In times where the vast majority of the world’s population has been subjected to multiple online meetings (and the accompanying horrible, nasal-sounding dollar store microphones that usually come with them) a high quality microphone is without a doubt a smart investment. If you’re just using a mic to shout some callouts every now and again you probably don’t need an external microphone but if you’re planning on streaming or creating content, or you’re going to be working and meeting people online for the foreseeable future you’ll definitely want to think about purchasing a dedicated microphone.
The HyperX Quadcast is one of the usual suspects. It’s been one of the more popular external USB microphones in the gaming scene, and today we’re taking a look at the newest iteration of this product: the Quadcast S. The S features much of the same specs as its predecessor but it now comes with fully programmable RGB.
Read our full review to find out everything you want to know about this mic!
At A Glance
HyperX Quadcast SUsed by 4 players ()
❝The Quadcast S has really impressed me. I know looks ultimately aren’t important for gaming gear but something like a mic (which mostly sits in your peripheral vision) definitely gets elevated by looking the part, and I love the way the Quadcast S looks with the seamless RGB.❞
- The multi-zone RGB looks nice
- Good microphone quality
- Muting by tapping the top of the mic is easy and convenient
- Polar pattern selector + onboard gain controls are handy
- Software is underwhelming
- Plosive filter isn’t great
I’ll start off by saying that I haven’t tested the regular Quadcast, so I can’t comment on the similarities and differences between that one and this newer S version. One obvious difference is of course the fact that the S has programmable RGB lighting, but both share the same specs page on HyperX’s website so I’m assuming they are very much alike when it comes to the overall specs but as I said can’t comment on smaller and more subtle differences in the sound quality or what have you.
On to my first impressions then, and those were good. It’s undeniable that this is a well built piece of equipment: the base is really solid and nicely weighted and the mic itself uses quality materials all over. The only thing that feels a tiny bit flimsy here is the shock guard frame: it flexes a little if you apply pressure to it but then again I assume that only helps with absorbing shocks so I’m not complaining. Speaking of: you can’t remove the shock guard from the mic itself (or at least you’re not supposed to) so bear that in mind if you don’t really like the look of the whole package. Luckily the mic portion is rather thin so all things considered the Quadcast S itself won’t look out of place on smaller desks or in more minimalistic environments.
Then there are the RGB lights of course. I personally don’t care about RGB on things like mice or headsets (you don’t see that stuff when gaming anyway) but for things like keyboards or mics it can be a nice extra, and it’s definitely nice here. The transition between colors flows naturally and the mic almost looks as a kind of RGB lamp on your desk. I personally love the fact that it’s programmable (I’d rather have no RGB on a product than static RGB which could be in a color that I don’t like) and once I matched it up with the rest of my setup I really loved the look of this thing. You’re either a fan or RGB or you’re not but if you are then this will please you greatly.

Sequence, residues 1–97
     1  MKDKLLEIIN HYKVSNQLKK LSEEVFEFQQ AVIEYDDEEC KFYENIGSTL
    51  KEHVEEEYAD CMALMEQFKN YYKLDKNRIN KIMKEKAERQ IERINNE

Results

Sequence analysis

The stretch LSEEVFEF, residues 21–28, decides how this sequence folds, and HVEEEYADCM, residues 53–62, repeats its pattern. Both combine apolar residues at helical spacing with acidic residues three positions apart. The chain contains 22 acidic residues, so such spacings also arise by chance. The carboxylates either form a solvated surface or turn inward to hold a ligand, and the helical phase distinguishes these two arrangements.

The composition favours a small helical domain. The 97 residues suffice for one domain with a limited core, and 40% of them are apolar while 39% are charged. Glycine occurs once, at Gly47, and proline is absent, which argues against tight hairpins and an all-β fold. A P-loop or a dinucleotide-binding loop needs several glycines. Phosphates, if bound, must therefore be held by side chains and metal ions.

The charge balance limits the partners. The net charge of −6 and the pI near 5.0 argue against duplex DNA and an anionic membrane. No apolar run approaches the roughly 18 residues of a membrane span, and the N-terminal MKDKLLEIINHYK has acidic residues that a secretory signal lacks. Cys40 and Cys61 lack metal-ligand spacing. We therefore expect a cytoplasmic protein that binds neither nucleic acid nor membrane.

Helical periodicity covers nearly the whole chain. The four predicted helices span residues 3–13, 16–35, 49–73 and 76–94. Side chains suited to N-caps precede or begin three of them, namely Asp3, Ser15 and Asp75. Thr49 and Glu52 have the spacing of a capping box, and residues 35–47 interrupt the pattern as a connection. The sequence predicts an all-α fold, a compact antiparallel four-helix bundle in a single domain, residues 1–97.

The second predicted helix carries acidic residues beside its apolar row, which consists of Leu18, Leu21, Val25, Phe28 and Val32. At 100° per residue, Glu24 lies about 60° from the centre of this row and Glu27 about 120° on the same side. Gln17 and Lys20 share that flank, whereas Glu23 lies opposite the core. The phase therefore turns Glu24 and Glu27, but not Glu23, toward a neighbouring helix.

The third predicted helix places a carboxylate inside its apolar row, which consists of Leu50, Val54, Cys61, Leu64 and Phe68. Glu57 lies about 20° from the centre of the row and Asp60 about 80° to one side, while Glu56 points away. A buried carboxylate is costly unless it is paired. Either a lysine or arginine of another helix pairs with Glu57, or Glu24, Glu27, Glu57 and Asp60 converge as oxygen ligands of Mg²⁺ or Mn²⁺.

With the Quadcast S you can choose between four different polar patterns so that you always have the right setup to match whatever it is you’re using it for. I suspect that most people will be using the cardioid pattern (which means that the mic picks up sound only in the front) but there’s also stereo, bidirectional, and omnidirectional. I mostly used the cardioid pattern since I’m basically looking at this as a mic for gaming or creating gaming related content (and the cardioid pattern makes the most sense in that case) but I also tested the other modes.
The Quadcast S sounds very clear, and if you’re coming from a regular headset mic you’ll no doubt be blown away by the sound: this outperforms even the best headset microphones with ease. It does sometimes sound a little bit too ‘digitized’ to me but that’s only in some circumstances and it’s a bit of a nitpick for sure. For a USB mic at this price point it definitely sounds really good, and if you truly want that natural sounding top of the line audio quality you hear from professional studios and the likes you’d have to go for way more complicated and dedicated audio setups so that’s not a fair comparison.
What’s nice here is that you can keep the mic far away from your mouth and still have it pick up your voice without it sounding extremely distant or noticeably worse, so if you want to keep it somewhere on your side you can. Of course you’ll have to find a balance here: increasing the gain on the mic also means it’ll pick up things like your keyboard more easily but I used it for a number of gaming sessions with it just sitting on its stand off to the side and received no complaints about background audio or anything like that.